You wouldn’t normally think of a cemetery as a place of rest and relaxation, at least not for the living. But St. Marx Cemetery (German: St Marxer Friedhof) is different.
- Former cemetery and now a beautiful, atmospheric park
- They buried Mozart here in 1791
- A little off the beaten track
- Free to enter
- See also:
A green oasis
(Gravestone at St. Marxer Friedhof around 1903; photograph by August Stauda, Wien Museum Inv.-Nr. 29258/5, Excerpt reproduced with permission under the terms of the CC0 licence)
Despite the name, St. Marx is actually an ex-cemetery (it closed in 1874) and properly described as a cemetery park.
Nowadays, you’ll find a combination of parkland, overgrown graveyard, and – most importantly – site of cultural pilgrimage thanks to one particularly prominent “resident”: they buried the great composer Mozart here.
“Overgrown graveyard” as a description sounds menacing, conjuring up visions of skeletal remains rising in the night to moan about the tourists. Good luck getting a selfie with one of them.
Actually, the opposite is true.
St. Marx might best be thought of as a tranquil, green oasis full of trees, shrubs and flowers. Almost tranquil, I should say, since the nearby flyover means the distant drone of vehicles is ever-present.
Nature has largely been left to sculpt her own tribute to the fallen, with ivy-clad gravestones and weeping angels poking their heads through garlands of green. Almost as if the headstones and plants grew up together.
A programme of restoration is underway, but I don’t think anyone wants them to hurry it up.
My late April visit revealed great swathes of spring flowers and more buddleia than most of the rest of Vienna put together.
Benches tucked away in alleyways and small glades let you sit and listen to the constant chatter of birds and watch a cavalcade of insects skip past. I can only imagine the myriads of butterflies and bees that must appear later in the year.
Most of the gravestones honour dignitaries and minor celebrities of the past, which won’t mean much if you’re not familiar with Viennese history. Composers, artists and architects. Actors and authors. Military men and business luminaries of the 18th and 19th centuries.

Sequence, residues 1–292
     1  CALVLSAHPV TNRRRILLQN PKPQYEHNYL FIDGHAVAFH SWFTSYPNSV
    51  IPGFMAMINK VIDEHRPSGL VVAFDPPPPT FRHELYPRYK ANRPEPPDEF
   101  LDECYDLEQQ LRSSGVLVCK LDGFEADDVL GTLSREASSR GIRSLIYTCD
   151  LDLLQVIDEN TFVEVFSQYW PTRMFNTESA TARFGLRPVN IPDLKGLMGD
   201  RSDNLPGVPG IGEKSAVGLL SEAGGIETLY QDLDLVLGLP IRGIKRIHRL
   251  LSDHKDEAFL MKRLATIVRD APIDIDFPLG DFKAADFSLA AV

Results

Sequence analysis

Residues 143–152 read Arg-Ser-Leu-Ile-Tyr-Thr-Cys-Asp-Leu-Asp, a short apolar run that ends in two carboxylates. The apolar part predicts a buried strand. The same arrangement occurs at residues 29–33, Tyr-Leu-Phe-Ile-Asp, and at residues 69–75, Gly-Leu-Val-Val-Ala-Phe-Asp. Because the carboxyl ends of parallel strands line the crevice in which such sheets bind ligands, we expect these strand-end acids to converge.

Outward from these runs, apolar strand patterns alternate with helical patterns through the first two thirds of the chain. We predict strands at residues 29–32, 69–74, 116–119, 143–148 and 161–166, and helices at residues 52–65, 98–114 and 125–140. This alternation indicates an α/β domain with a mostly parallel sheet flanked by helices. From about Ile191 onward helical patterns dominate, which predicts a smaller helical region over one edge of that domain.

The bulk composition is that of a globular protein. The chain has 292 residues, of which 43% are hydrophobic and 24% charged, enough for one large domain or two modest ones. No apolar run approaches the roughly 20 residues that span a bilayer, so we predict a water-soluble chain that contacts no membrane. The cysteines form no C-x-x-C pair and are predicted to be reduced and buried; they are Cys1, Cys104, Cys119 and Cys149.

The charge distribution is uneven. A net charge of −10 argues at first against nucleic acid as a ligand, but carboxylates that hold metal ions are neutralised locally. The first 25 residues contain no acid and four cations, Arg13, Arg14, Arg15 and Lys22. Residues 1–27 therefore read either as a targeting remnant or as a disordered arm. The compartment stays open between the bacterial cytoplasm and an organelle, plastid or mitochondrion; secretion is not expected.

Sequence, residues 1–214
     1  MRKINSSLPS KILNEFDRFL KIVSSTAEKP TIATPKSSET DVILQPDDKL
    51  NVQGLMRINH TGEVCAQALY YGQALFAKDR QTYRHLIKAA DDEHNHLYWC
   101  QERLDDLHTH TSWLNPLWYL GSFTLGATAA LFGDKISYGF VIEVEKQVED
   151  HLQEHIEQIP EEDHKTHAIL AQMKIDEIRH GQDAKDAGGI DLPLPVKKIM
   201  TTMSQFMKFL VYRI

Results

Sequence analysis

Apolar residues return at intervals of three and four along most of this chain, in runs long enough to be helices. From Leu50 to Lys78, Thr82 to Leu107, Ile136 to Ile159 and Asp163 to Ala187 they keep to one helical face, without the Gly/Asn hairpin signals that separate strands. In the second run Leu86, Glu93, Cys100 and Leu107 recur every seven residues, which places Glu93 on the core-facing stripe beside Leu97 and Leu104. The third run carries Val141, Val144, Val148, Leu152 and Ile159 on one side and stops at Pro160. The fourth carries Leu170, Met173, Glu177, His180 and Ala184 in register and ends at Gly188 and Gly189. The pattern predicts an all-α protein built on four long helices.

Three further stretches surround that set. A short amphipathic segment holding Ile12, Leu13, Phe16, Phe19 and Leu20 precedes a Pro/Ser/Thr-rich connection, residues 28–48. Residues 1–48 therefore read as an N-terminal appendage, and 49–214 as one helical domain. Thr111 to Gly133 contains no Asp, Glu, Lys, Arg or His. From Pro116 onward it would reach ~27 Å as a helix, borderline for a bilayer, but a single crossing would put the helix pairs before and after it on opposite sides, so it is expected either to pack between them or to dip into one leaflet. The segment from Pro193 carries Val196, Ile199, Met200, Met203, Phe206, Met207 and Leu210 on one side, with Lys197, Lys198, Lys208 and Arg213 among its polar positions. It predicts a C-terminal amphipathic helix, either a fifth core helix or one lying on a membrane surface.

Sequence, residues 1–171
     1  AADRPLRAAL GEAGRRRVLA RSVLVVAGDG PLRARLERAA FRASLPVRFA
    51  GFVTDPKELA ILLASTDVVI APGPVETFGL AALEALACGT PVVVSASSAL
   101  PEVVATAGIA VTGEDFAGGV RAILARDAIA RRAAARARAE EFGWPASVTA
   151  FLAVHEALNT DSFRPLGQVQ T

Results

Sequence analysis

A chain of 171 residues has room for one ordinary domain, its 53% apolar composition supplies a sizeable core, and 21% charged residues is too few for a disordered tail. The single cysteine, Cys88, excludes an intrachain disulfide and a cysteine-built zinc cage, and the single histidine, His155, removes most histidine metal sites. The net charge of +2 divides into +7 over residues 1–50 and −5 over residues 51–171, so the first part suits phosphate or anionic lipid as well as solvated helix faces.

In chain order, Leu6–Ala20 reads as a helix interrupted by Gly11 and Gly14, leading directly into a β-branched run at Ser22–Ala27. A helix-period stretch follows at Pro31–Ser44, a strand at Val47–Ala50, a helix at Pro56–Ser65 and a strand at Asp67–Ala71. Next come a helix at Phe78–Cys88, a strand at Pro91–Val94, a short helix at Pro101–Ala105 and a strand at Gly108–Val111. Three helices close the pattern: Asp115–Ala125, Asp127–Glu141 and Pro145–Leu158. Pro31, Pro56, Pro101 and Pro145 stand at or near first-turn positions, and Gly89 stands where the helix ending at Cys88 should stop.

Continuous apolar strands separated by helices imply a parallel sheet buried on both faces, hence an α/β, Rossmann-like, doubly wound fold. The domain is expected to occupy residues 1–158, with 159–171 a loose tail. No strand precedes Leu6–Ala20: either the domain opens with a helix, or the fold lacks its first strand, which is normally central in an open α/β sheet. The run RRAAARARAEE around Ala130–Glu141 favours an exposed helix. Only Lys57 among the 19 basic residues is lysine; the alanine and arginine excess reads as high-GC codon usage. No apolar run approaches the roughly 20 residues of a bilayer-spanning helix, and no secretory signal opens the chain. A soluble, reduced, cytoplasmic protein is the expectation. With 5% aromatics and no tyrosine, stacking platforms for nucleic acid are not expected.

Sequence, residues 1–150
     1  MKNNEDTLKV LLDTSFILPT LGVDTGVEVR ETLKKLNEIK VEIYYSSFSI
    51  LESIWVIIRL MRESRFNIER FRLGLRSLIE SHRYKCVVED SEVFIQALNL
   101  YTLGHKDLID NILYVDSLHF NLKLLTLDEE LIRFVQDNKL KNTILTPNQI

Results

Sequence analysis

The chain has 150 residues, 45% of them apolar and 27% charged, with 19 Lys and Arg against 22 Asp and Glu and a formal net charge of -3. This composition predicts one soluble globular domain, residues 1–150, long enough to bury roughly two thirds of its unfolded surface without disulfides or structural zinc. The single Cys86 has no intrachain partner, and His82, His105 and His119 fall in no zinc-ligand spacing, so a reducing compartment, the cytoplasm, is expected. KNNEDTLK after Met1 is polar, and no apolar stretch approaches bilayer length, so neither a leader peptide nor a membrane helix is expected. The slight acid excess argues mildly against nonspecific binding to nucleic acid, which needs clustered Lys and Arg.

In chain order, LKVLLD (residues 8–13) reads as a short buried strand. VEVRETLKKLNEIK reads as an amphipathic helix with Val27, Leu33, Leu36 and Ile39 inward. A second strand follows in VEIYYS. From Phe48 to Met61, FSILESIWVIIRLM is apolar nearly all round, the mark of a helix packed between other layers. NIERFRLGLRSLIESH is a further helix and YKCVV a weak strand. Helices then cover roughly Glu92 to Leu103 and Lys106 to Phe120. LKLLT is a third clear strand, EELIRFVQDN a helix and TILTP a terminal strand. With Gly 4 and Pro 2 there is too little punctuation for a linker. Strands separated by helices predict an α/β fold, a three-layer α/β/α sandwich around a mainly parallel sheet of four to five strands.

Mozart’s grave is really quite unusual for the location. It’s well-kept for a start, thanks to the city’s upkeep and restoration efforts. It also stands isolated from other graves and nature in a small island between two paths.
Tickets & visitor tips
The St. Marx cemetery park is free to enter and open every day of the year. At the time of writing, opening hours are 6.30am to 6.30pm (October to March) and 6.30am to 8pm (April to September), but gates may close up to 30 minutes early on occasion. Check the official website (see below) for the latest info.
Don’t plan to pop in here quickly in between visiting other sites: St. Marx remains relatively isolated from the main visitor areas in Vienna. So you need to set aside a little time to get here (although public transport is fast and frequent).
One cemetery near neighbour does, however, serve as a popular event venue. The Marx Halle hosts large trade fairs, but also concerts and consumer events like the recent Vienna Coffee Festival or the Edelstoff design markets.
How to get to St. Marx cemetery
Tram: catch the 18 or 71 to St. Marx and follow the “St. Marx Friedhof” signs. Board the 71 in the centre (west side of the Ringstrassen or at Schwarzenbergplatz).
Bus: catch the 74A to Hoffmannsthalgasse and enjoy another short walk.
Address: Sankt Marx Cemetery, Leberstraße 6-8, 1030 Vienna | Website